6. Table of Contents pages are numbered with small Roman numerals centered 0.5” from the bottom edge of the page.
  7. In the PDF file, each entry in the Table of Contents must appear as a bookmark leading to the appropriate point in the body of the text. For more information on creating bookmarks in PDF files, consult the online PDF training site (select “training” at http://www.pitt.edu/ ~graduate/etd) or ask for assistance at a Campus Computing Lab.

<hr size=2 width="100%" align=center>

TABLE OF CONTENTS

 
 
 
 
 PREFACE ............................................  v
 
 I.   INTRODUCTION ..................................  1
 
 II.  CHAPTER .......................................  3
 
 III. ANOTHER CHAPTER ...............................  6
 
      A. A SECTION OF THE SECOND CHAPTER ............  6
 
      B. ANOTHER SECTION ............................  8
 
         1. Subsection of the section ............... 10
 
         2. Another subsection ...................... 10
 
            a. Subdivision of the fourth level ...... 11
 
            b. Further subdivision .................. 12
 
 IV. ANOTHER CHAPTER ................................ 15
 
 V.  SUMMARY AND CONCLUSIONS ........................ 18
 
 APPENDIX A. TITLE OF THE FIRST APPENDIX ............ 20
 
 APPENDIX B. ANOTHER APPENDIX ....................... 21
 
 BIBLIOGRAPHY ....................................... 23
 
 
 

iv
__________________________________________________________________________

Figure 4:

Example of Table of Contents


<hr size=2 width="100%" align=center>

TABLE OF CONTENTS

 
 
 
 PREFACE ............................................  v
 
 1.0 INTRODUCTION ...................................  1
 
 2.0 CHAPTER ........................................  3
 
 3.0 ANOTHER CHAPTER ................................  6
 
     3.1 A SECTION OF THE SECOND CHAPTER ............  6
 
     3.2 ANOTHER SECTION ............................  8
 
          3.2.1 Subsection of the section ........... 10
 
          3.2.2 Another subsection .................. 10
 
          3.2.2.1 Subdivision of the fourth level ... 11
 
          3.2.2.2 Further subdivision ............... 12
 
 4.0 ANOTHER CHAPTER ................................ 15
 
 5.0 SUMMARY AND CONCLUSIONS ........................ 18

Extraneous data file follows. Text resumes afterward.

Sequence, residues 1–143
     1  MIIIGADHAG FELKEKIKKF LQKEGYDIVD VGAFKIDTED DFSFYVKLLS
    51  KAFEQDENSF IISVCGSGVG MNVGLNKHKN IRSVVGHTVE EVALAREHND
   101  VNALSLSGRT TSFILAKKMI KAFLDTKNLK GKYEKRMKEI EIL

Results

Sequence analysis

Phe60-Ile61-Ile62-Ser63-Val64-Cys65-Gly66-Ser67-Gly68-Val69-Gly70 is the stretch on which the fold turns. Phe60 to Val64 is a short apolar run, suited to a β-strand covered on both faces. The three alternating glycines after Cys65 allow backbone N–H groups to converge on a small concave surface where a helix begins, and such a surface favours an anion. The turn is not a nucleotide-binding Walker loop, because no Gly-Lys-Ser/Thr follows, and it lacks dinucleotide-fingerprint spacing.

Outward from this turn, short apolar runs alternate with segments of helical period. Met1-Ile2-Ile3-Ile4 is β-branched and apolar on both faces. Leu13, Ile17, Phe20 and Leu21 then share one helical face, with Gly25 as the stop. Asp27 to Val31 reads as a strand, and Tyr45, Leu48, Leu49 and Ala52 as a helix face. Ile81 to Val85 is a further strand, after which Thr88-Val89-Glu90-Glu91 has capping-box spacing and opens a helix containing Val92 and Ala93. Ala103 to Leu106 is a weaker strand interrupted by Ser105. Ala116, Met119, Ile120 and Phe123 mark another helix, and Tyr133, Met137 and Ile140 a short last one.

APPENDIX A. TITLE OF THE FIRST APPENDIX ............ 20
 
 APPENDIX B. ANOTHER APPENDIX ....................... 21
 
 BIBLIOGRAPHY ....................................... 23
 
 

iv
__________________________________________________________________________

Figure 5:

Example of Table of Contents


List of Tables
  1. The heading LIST OF TABLES is centered without punctuation 2 inches from the top edge of the page. The listing of tables begins at the left margin four spaces below the heading.
  2. If possible, wording, spelling, capitalization, and punctuation in the List of Tables should be identical to that of the captions that appear on the tables in the text.
  3. The List of Tables pages are numbered with small Roman numerals centered 0.5” from the bottom edge of the page.
  4. In the PDF file, each entry in the List of Tables appear as a bookmark leading to the appropriate point in the body of the text. For more information on creating bookmarks in PDF files, consult the online PDF training site (select “training” at http://www.pitt.edu/~graduate/ etd) or ask for assistance at a Campus Computing Lab.
List of Figures
  1. The heading LIST OF FIGURES is centered without punctuation 2 inches from the top edge of the page. The listing of figures begins at the left margin four spaces below the heading.
  2. If possible, wording, spelling, capitalization, and punctuation in the List of Figures should be identical to that of the captions that appear on the figures in the text.
  3. The List of Figures pages are numbered with small Roman numerals centered 0.5” from the bottom edge of the page.
  4. In the PDF file, each entry in the List of Figures appear as a bookmark leading to the appropriate point in the body of the text. For more information on creating bookmarks in PDF files, consult the online PDF training site (select “training” at http://www.pitt.edu/~graduate/ etd) or ask for assistance at a Campus Computing Lab.
Preface
  1. The Preface is optional and, if used, should be brief. Acknowledgments in the form of a brief statement of appreciation for special assistance or support, including research and editorial assistance, should be included in this section.
  2. Preface pages are numbered with small Roman numerals centered 0.5” from the bottom edge of the page.

TEXT

Chapters and divisions
  1. Each chapter starts in a new page, with the heading in capital letters centered 2 inches from the top edge of the page. The text starts four spaces below the heading.
  2. Section headings are centered and written in capital letters, separated by four spaces from the text above and two from the text below.
  3. Subsection headings appear at the left margin, not indented, separated by two spaces from the surrounding text.
  4. Headings of the fourth level appear at the left margin, not indented, separated by two spaces from the text above. The text starts in the same line as the heading itself.
  5. The first paragraph after headings of levels 1-3 should not be indented.